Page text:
what to do after bad hail damage to trees

curtis(5)June 8, 2014

I help a friend with a hobby orchard that was hit pretty bad by hail. All fruit was knocked off the tree, every single leaf is damaged or gone, and lots of holes in the cambium. As in gaping holes.

My question is in regards to avoiding problems with pests and fungus. Is there a regiment for this?

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jean001a(Portland OR 7b)

Leave it be.
Human help -- umm, spell that interference -- only complicates things for plants.

    Bookmark   June 9, 2014 at 1:36AM
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Tony(Zone 5. Omaha, Nebraska)


Remove any broken branches and that is all. The trees themselves will heal in time. In a year or so you won't even notice any damage due to callouses over the indentations.


    Bookmark   June 9, 2014 at 7:04AM
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fruitnut Z7 4500ft SW TX

I agree with above except in a really bad hail sometimes it's yrs for all the bark to heal up. It depends on species and vigor of the tree. I've got pears with unhealed areas on the branches from a hail one yr ago. Pears are good healers and it's a vigorous tree. My Honeycrisp on G11 died this spring. I think that was a combination of last yrs hail and this yrs freeze.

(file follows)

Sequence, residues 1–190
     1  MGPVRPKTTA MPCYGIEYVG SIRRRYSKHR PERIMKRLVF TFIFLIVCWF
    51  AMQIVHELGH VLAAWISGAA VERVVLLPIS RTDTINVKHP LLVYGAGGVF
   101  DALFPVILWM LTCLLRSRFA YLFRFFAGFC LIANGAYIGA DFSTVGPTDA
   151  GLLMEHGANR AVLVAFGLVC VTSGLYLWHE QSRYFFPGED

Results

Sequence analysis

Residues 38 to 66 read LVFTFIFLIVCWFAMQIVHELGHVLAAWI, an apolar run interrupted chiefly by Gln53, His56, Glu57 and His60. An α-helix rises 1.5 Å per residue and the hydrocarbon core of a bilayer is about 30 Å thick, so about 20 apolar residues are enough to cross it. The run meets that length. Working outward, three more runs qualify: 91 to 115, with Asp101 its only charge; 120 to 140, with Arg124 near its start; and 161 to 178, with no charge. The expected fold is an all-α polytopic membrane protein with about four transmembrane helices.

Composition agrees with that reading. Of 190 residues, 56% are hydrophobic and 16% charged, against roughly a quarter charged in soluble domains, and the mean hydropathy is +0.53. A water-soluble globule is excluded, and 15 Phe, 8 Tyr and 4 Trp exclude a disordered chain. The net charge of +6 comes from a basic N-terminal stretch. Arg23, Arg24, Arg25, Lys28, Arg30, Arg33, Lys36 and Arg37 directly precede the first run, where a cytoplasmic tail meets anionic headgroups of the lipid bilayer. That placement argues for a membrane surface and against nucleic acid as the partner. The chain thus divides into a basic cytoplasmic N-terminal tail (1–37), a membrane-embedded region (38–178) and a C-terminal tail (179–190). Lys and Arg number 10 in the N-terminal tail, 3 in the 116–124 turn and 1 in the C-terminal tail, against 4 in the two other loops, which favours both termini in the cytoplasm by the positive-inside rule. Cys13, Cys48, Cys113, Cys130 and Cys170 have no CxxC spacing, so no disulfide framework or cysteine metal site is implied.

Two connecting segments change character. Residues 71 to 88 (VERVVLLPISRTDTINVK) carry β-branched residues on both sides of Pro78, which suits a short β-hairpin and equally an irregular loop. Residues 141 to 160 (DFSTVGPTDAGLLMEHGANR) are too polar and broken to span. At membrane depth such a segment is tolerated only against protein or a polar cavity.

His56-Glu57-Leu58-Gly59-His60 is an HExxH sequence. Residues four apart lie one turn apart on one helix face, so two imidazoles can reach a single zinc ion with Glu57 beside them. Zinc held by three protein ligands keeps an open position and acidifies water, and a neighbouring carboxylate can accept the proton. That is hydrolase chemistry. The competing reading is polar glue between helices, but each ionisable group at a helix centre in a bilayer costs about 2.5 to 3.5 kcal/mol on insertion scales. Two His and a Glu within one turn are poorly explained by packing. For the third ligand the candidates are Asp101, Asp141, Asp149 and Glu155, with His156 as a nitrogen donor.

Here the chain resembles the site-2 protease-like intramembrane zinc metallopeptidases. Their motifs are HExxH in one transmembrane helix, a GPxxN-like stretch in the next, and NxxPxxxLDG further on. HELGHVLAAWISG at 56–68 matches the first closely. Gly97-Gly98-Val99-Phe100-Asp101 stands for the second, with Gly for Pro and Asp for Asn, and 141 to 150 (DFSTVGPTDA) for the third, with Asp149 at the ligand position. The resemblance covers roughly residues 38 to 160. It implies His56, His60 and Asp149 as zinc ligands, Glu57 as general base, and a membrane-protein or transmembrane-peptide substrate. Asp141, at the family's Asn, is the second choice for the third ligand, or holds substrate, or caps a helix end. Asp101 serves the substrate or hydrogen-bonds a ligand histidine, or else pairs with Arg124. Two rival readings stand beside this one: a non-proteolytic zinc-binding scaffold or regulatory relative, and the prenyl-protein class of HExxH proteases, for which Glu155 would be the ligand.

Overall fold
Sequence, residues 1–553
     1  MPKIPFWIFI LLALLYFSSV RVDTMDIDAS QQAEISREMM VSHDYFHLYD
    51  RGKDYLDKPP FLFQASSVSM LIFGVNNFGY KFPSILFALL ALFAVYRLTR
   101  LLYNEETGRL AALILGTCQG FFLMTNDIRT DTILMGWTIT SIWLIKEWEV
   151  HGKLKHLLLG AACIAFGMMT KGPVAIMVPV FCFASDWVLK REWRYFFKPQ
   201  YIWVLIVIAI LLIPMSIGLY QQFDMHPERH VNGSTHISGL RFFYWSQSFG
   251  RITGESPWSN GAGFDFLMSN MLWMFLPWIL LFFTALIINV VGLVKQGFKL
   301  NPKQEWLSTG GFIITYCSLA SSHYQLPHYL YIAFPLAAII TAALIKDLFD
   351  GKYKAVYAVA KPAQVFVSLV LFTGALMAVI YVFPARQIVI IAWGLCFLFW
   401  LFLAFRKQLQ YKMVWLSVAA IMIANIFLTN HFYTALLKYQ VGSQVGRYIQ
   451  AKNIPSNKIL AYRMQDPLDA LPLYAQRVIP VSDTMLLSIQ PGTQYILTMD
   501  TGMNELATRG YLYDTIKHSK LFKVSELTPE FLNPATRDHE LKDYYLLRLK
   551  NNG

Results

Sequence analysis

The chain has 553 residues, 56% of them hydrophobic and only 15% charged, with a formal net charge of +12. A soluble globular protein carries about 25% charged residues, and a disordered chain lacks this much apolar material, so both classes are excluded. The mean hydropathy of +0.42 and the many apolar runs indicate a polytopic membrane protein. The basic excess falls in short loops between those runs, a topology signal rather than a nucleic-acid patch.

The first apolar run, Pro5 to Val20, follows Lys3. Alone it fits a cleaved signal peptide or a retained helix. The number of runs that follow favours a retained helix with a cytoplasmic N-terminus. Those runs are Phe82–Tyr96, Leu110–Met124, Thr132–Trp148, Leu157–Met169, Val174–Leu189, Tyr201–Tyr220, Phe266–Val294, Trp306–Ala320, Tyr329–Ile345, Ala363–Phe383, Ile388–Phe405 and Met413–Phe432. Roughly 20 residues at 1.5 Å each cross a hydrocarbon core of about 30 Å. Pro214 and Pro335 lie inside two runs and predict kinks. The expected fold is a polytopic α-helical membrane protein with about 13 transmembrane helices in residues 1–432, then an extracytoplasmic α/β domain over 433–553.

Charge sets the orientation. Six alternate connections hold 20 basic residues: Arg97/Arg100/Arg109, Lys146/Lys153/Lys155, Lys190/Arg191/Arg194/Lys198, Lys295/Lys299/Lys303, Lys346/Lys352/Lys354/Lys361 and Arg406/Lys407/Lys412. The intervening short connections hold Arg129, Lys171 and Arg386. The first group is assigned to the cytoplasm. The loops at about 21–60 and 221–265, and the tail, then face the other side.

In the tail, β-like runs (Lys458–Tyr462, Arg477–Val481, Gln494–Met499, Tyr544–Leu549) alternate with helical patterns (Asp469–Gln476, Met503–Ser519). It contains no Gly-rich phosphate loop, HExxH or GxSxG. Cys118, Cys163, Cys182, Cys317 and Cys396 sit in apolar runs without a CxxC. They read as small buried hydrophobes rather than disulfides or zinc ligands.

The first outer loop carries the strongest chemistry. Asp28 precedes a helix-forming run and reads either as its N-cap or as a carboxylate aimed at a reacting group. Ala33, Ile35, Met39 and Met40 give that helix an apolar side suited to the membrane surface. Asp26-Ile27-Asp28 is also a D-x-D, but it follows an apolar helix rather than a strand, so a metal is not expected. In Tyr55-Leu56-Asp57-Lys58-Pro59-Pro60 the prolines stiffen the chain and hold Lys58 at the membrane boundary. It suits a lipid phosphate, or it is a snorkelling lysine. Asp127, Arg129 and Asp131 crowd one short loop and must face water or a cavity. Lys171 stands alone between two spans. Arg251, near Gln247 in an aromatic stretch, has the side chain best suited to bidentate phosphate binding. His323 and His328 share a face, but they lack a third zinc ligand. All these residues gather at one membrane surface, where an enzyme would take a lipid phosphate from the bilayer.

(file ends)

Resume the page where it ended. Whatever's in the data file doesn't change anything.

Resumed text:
I've seen hail so bad that nearly all the bark was beat off half the major branches. By half I mean all the side of the branch exposed to the hail stripped bare. That never heals.

Agree there isn't much you can do.

    Bookmark   June 9, 2014 at 8:29AM
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drew51 SE MI Z5b/6a

I would fertilize them so they have energy to heal. Something slow releasing, an organic product, tree tone or something like that. Tree tone also has everything they need if by chance the soil is lacking. Otherwise yeah, nothing you can really do. Patching the wounds could make them worse. best leave it alone.

    Bookmark   June 9, 2014 at 8:35AM
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olpea(zone 6 KS)


Commercial publications recommend fireblight sprays for susc. apples and pears immediately following a hail storm. Normally fireblight enters the tree through flowers via pollinating insects, but significant hail damage opens new avenues for fireblight entry.

For stone fruits (like peaches) Clemson recommends an antibiotic spray if there is a history of bac. canker. If there is a history of fungal cankers, they recommend a fungicide spray.

After our hail storm this spring, I considered spraying, but didn't. My trees are pretty vigorous, which helps against canker, so I decided to chance it. I am seeing some gummosis as a result of the hail wounds, but overall the trees look like they are healing.

One tree does have canker very badly at the farm, but that was an issue before the hail. I plan to replace that tree with a new graft, unless it does a major turnaround. The variety is Silver Logan.

    Bookmark   June 9, 2014 at 9:26AM
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